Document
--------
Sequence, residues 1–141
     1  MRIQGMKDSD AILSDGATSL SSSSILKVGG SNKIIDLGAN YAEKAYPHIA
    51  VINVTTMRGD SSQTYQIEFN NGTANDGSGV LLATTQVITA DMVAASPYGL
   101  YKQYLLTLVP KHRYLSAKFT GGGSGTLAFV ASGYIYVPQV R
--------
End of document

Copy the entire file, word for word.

Sequence, residues 1–141
     1  MRIQGMKDSD AILSDGATSL SSSSILKVGG SNKIIDLGAN YAEKAYPHIA
    51  VINVTTMRGD SSQTYQIEFN NGTANDGSGV LLATTQVITA DMVAASPYGL
   101  YKQYLLTLVP KHRYLSAKFT GGGSGTLAFV ASGYIYVPQV R